The details on e-bills, setting up a parent payee account and payment options.
By Anne Vaccaro Brady
Along with everything else that has changed about college over the last couple of decades, the tuition bill has evolved, too. Here’s a short guide to what’s on the bill and how to pay it.
Accessing the tuition bill Some colleges still mail paper bills home—to the student’s attention. But more and more schools use an e-billing system meaning you must go online to view the statement. A letter, postcard or email will be sent to your freshman explaining how to access their account. Ask them about it if they haven’t mentioned receiving the information because the tuition payment is almost always due before classes start.
To see the bill, your teen needs to sign in to the Student Account Center on the college’s website. Ideally, your student has already set up their login. Once logged in, review the breakdown of the charges with them, not just the bottom line.
Reading a tuition bill Remember that charges are issued for one semester/trimester/quarter at a time. If you still find yourself facing sticker shock, hold on. Sometimes, the bill doesn’t reflect all the credits to your freshman’s account, like scholarships, grants and loans issued through the school.
In order for those to be applied, your student has to accept or decline each piece of their financial aid package online. Scholarships and grants don’t need to be repaid, so they might not require any action. But loans and work-study do need a response. If your freshman doesn’t need the loan this year, they shouldn’t accept it. They will likely be offered another one next year. (See my post on financial aid to understand what’s being offered before accepting or declining.) If you have questions, contact the financial aid or bursar’s office.
Deciphering a college tuition statement is similar to figuring out your cable or electric bill—lots of fees you don’t understand. Typical charges beyond tuition, room and board include smaller charges for student activities, transportation, labs and health care/wellness center. Your student may be able to opt out of the health care fee by providing proof that they already have health insurance.
Deciding who’s paying If your student is footing the bill, then they will pay via their student account. But if someone other than the student is covering college costs, your freshman must request or create an authorized payer account for that person. Multiple authorized payer accounts can be set up, helpful if each parent is covering a semester.
Paying the bill Colleges offer multiple ways to pay a tuition bill, even if it can only be viewed online. Schools generally accept a paper check or money order by mail or in-person, and an e-check or credit card online. The options are listed in the payment directions. Cash is only accepted for in-person payments, and paying by credit card almost always includes a percentage-based fee.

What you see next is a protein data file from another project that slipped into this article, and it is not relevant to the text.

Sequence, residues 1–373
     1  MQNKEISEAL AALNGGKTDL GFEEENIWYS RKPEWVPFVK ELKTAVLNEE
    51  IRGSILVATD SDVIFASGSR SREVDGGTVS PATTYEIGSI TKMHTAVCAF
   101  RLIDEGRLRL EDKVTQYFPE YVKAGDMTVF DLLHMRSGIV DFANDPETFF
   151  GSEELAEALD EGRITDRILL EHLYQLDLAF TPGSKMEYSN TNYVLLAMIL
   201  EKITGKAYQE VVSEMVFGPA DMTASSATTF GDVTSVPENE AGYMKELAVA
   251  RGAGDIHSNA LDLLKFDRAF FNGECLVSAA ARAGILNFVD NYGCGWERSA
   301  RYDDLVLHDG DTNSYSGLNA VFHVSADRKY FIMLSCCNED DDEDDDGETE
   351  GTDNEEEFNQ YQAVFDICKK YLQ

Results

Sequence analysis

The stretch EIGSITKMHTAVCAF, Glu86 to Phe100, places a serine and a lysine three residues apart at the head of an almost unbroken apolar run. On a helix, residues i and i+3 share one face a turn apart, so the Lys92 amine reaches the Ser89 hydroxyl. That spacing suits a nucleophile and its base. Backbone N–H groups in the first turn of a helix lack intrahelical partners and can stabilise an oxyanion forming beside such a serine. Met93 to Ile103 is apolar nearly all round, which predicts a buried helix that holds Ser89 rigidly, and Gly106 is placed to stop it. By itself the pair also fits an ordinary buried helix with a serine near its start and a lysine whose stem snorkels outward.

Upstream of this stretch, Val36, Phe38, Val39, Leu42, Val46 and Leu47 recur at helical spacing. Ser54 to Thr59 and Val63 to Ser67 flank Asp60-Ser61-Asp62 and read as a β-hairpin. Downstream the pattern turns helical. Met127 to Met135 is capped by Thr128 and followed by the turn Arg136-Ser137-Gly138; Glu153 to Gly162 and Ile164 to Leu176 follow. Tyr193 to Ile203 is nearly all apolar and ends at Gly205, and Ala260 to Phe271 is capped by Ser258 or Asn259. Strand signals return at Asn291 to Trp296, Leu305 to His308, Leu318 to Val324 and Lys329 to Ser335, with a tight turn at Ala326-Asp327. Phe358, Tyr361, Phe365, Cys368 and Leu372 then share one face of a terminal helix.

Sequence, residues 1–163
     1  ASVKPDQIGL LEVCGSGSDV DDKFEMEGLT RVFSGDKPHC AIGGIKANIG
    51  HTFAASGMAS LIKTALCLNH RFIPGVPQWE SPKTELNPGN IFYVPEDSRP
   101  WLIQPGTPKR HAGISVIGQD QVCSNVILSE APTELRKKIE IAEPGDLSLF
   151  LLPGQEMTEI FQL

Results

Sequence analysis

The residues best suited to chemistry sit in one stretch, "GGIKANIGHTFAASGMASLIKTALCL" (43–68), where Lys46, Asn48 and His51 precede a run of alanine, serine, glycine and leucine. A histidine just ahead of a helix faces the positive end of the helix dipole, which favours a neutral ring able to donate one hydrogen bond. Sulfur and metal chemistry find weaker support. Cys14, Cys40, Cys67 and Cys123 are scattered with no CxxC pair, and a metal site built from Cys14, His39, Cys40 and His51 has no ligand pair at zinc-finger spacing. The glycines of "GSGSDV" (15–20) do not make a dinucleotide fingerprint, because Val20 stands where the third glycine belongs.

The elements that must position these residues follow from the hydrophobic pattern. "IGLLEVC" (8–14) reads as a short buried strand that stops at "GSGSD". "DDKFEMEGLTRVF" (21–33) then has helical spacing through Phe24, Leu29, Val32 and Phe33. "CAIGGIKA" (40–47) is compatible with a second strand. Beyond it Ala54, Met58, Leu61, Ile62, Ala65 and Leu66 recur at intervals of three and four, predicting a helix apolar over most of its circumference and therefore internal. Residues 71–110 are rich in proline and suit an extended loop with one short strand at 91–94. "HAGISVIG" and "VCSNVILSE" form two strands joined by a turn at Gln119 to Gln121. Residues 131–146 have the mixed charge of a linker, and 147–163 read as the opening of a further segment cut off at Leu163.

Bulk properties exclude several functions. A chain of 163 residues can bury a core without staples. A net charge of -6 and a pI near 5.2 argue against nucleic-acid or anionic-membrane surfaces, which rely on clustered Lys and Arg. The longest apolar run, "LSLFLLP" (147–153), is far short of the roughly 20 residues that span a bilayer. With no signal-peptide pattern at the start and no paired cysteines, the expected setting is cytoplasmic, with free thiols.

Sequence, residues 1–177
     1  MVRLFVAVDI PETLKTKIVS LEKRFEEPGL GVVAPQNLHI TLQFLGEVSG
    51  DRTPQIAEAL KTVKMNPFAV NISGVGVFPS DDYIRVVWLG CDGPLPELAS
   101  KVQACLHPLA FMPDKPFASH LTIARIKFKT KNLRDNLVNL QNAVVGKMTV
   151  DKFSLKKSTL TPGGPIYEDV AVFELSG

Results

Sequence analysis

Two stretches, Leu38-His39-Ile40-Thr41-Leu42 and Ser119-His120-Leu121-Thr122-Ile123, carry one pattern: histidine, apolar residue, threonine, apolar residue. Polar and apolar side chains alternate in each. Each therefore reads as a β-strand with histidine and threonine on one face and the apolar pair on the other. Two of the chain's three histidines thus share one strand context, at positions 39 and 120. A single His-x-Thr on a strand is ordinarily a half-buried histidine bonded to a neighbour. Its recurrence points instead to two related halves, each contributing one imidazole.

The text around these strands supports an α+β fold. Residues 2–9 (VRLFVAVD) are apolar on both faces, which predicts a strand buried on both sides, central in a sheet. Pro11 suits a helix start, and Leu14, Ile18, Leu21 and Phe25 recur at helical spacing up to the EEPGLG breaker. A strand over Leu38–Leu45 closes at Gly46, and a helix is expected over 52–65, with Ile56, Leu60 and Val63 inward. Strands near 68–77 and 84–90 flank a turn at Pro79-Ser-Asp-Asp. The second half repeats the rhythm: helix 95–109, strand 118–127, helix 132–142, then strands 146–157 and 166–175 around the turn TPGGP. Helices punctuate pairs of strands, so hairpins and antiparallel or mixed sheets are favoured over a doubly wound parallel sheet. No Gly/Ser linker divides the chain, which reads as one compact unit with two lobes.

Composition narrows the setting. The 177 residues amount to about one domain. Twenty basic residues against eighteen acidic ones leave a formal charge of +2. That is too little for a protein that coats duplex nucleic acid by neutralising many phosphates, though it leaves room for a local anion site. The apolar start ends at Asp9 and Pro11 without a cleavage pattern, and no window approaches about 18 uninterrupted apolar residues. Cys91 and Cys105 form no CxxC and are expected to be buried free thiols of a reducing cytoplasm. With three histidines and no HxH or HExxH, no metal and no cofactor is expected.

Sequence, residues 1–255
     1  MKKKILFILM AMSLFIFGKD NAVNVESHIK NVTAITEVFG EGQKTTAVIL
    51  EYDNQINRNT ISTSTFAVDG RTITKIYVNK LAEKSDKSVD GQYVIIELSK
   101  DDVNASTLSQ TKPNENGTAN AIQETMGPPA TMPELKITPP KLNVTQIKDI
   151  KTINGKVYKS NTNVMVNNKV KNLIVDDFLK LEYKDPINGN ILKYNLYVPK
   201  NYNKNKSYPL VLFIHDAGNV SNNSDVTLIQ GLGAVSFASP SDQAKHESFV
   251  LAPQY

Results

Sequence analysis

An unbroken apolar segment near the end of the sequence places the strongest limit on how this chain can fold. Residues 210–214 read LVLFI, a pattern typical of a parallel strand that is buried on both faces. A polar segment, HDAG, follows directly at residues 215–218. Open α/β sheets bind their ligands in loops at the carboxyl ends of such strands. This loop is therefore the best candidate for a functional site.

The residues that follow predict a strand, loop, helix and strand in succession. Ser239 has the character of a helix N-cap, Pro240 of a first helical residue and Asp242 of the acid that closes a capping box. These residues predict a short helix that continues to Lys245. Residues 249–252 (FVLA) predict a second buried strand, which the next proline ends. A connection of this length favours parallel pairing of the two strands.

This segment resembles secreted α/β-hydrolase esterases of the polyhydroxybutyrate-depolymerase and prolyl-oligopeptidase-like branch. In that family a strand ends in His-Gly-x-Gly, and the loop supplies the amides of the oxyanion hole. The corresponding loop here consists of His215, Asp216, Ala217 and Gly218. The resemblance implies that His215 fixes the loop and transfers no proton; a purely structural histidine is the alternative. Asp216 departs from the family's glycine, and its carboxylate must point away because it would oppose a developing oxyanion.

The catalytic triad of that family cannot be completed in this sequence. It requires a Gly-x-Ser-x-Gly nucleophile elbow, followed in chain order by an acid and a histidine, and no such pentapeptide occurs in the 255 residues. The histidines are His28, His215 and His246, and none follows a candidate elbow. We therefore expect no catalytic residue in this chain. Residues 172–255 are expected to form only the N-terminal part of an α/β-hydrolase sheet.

Colleges usually offer payment plans, as well, but there is a fee for signing up or per payment.
Making an electronic payment may require you to provide your checking account information, including routing number, so that the money can be withdrawn from your account.
Paying from a 529 account Your 529 plan should provide online instructions on how to pay your freshman’s tuition bill directly to the college. Confirm these directions by checking the college’s website or calling the bursar’s office.
In-state 529 plans can generally be paid electronically, but out-of-state might require the 529 program to issue a printed check and mail it to the college. In that case, you will need your student’s ID number and the address to mail the check because it may be different than for personal checks. Allow ample time for the check to be issued, mailed and posted.
Another option is to move the money from the 529 plan, electronically or by check, to your or your student’s (the beneficiary) checking account and then pay the college from that money. Transfer the exact amount or a little less to prevent any part of it from being considered a non-qualified withdrawal. Tuition payments (including the cost of room, board and fees) and textbooks are qualified withdrawals.
Finding answers College websites address most tuition questions on the parent portal, but use the search box or check the financial aid, bursar or student sites to learn more. If you can’t find the answer you need, call the bursar’s office.
Share any advice you have about dealing with the college tuition bill in the comments section below.